Unlike young undergraduates, students in graduate and professional programs often lack healthy balance in their personal lives. They focus narrowly on academic work and training to the exclusion of other interests and other people in their lives. Indeed, graduate students are often detached from the range of social and cultural activities available on the campus, and many have difficulty maintaining stable familial and social relationships in the face of heavy academic demands. For some, in addition, the attraction of an academic career rests partly in the opportunity for independence and a fairly cloistered lifestyle.

No longer supported financially by parents, graduate students experience great pressure to juggle assistantship activities or outside employment with course work and thesis research, let alone to attend to social networks. At some point, their lives and sense of worth may revolve around academic achievement. To them, their investment in reaching a successful outcome can be viewed as almost a life-or-death matter.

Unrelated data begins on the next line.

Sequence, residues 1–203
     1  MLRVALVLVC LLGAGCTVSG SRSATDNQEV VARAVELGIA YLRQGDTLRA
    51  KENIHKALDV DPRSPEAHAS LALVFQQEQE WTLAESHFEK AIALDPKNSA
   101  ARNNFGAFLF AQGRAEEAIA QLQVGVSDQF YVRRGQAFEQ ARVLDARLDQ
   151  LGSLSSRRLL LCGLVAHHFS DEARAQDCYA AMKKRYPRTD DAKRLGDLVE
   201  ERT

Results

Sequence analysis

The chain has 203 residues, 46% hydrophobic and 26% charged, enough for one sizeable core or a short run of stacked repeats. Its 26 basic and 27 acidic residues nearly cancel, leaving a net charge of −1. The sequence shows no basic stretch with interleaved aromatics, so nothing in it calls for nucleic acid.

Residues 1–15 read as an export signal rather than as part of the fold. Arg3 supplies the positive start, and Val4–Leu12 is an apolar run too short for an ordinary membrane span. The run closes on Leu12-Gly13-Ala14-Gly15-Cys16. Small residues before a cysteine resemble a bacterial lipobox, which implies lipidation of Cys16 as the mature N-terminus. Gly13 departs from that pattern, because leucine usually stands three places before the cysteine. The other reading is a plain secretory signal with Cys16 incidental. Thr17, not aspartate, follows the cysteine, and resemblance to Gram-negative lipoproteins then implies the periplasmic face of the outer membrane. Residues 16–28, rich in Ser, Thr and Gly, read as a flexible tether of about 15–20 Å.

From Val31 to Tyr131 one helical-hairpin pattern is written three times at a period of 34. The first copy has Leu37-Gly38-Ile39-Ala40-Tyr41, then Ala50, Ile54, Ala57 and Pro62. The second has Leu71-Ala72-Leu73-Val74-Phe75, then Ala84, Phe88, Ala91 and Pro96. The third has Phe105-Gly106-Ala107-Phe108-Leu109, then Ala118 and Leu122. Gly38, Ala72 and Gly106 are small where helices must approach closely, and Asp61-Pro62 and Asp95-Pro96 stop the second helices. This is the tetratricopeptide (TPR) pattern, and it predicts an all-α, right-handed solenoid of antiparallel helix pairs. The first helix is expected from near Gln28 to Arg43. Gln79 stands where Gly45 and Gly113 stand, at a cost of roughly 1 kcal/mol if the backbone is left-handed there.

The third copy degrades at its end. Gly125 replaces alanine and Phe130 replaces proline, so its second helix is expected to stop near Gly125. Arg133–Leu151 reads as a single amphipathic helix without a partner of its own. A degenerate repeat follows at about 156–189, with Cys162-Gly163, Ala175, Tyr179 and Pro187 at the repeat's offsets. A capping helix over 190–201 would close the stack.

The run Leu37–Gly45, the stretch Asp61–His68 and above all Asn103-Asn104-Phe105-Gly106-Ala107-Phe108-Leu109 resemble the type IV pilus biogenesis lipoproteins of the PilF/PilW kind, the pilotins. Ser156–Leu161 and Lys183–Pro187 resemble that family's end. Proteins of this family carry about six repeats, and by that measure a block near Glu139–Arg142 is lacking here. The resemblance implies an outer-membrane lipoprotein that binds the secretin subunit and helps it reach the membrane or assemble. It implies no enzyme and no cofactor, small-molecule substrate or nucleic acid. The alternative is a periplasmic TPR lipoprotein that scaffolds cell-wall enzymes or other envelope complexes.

Intense pressure to be the best was what caused the physics student Gang Lu, at the University of Iowa, to react in such an extreme way after finishing second in the competition for a coveted prize awarded for the most outstanding doctoral dissertation. On November 1, 1991, with premeditation and planning, he executed five people, including professors who had denied him the honor and the student who had stolen what he deemed rightly his, before turning the gun on himself. His "eye on the prize" had become all-consuming.

This all-or-nothing perception can be especially pronounced for foreign graduate students, like Gang Lu, who come from cultures where failure is seen as shame on the entire family. Foreign students also experience additional pressures because their academic visas are often dependent upon their continued student status. Bad grades or failing comprehensive exams may mean being kicked out of more than just school.